Declaring that 'truth always beats the lies,' a jubilant Dave Aronberg took the stage before hundreds of Democratic supporters Tuesday night and said he can't wait to get started as the next State Attorney in Palm Beach County.
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WEST PALM BEACH – Declaring that "truth always beats the lies," a jubilant Dave Aronberg took the stage before hundreds of Democratic supporters Tuesday night and said he can't wait to get started as the next State Attorney in Palm Beach County.
"We will make Palm Beach County the safest it can possibly be," Aronberg said to a gathering of the county's most prominent Democrats at the Embassy Suites on Belvedere Road, where hundreds of county Dems gathered to cheer on local candidates and watch the national results come in.
With Aronberg, 41, opening a wide lead over Republican opponent Dina Keever at 9 p.m., the Palm Beach County Democratic Party called him the victor over Keever and independent candidate Robert Gershman, 46, a longtime Boca Raton criminal defense attorney.
Aronberg, a former state senator who represented the 27th District (parts of Palm Beach, Glades, Hendry and Charlotte counties) from 2002 to 2010, said his campaign team was able to pull off the victory by staying positive amid a spate of negative media coverage. He alluded to those reports with defiance.
"This election proves that truth will always beat the lies," he said to loud cheers.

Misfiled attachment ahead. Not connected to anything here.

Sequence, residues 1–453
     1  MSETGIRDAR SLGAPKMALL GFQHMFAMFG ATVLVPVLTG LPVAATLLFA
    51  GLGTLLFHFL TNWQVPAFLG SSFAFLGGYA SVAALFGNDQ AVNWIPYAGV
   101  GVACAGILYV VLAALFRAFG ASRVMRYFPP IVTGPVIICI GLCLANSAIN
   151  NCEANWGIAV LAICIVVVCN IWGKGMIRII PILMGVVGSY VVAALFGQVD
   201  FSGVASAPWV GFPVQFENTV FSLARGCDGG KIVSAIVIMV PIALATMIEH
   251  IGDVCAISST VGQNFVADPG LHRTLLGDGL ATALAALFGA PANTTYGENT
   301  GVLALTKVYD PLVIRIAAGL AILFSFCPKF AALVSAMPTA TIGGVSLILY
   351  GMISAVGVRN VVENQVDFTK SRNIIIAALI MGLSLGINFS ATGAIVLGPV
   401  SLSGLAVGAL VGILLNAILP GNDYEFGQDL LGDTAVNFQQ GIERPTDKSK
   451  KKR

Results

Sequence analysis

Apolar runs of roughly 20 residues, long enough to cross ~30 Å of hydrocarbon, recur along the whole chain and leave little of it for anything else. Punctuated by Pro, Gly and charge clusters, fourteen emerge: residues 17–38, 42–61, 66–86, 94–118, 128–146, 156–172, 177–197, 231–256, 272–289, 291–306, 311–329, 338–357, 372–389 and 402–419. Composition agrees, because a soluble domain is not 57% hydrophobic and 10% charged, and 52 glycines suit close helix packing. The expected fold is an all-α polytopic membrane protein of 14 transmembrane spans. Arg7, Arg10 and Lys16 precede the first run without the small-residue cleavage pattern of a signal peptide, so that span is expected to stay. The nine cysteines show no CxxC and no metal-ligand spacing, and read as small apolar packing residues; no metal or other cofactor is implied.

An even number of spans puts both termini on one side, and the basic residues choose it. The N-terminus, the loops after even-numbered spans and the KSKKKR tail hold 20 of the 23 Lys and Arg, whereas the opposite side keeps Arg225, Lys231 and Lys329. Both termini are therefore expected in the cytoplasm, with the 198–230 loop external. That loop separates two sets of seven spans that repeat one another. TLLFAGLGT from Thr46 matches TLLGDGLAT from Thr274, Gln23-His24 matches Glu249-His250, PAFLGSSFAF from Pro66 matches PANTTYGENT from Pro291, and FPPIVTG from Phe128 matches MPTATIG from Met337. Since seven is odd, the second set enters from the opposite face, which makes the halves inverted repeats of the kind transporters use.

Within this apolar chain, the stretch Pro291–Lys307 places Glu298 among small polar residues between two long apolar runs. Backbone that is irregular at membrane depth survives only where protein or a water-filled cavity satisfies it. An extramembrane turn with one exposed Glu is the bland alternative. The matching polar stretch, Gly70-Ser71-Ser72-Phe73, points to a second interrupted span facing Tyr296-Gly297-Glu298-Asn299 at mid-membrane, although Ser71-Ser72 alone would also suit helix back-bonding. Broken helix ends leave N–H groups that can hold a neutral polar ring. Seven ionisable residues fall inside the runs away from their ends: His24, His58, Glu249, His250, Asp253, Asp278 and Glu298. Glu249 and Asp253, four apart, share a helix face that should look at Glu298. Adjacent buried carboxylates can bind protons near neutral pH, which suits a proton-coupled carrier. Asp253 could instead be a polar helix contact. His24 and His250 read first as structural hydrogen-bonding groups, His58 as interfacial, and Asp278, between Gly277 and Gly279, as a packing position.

Asked afterward what he meant by the statement, the state attorney-elect said he was referring to media reports that questioned his ethics. For his part, Aronberg has maintained the reports, cited in the campaign by Keever, were full of false accusations and that his ethics remain unblemished.
"You know, the negative campaigning has become worse than ever in our political culture and there's been so many false accusations, but we stayed true to ourselves and held our heads high and stayed positive," Aronberg said.
His first job? Aronberg said he'll work to create a transition team that will bring the changes he wants to see at the office: higher conviction rates, lower turnover of talented prosecutors, better training, better relationships with the Florida Attorney General's Office of Statewide Prosecution and the United States Attorney's Office.
"I think now we can take this ship in a better direction," Aronberg said.
Among the high-profile supporters to congratulate Aronberg after the victory was Palm Beach County Sheriff Ric Bradshaw.
"I'll work with anybody, doesn't matter who it is," Bradshaw said after Aronberg's victory speech. "Whoever the next state attorney is, which is obviously going to be Mr. Aronberg, will do good things."
Keever, 50, a former federal prosecutor who has worked in Miami and Philadelphia, had framed herself as the experienced, ethical-minded choice to root out corruption in the county. Gershman, with his extensive trial experience, positioned himself as somebody who who could steer the office through whatever future challenge it may face.
In the end, their fundraising efforts couldn't match those of Aronberg. Campaign finance reports filed Nov. 1 showed a clear disparity, with Aronberg amassing $726,738.50 in contributions and spending $703,737.74.
The Keever campaign reports listed $136,187.67 in financial contributions, $50,500.00 in loans, and $168,611.32 in spending.
Gershman's campaign raised $34,595.00 in financial contributions and $43,005.00 in loans. The Gershman campaign spent $38,566.73.
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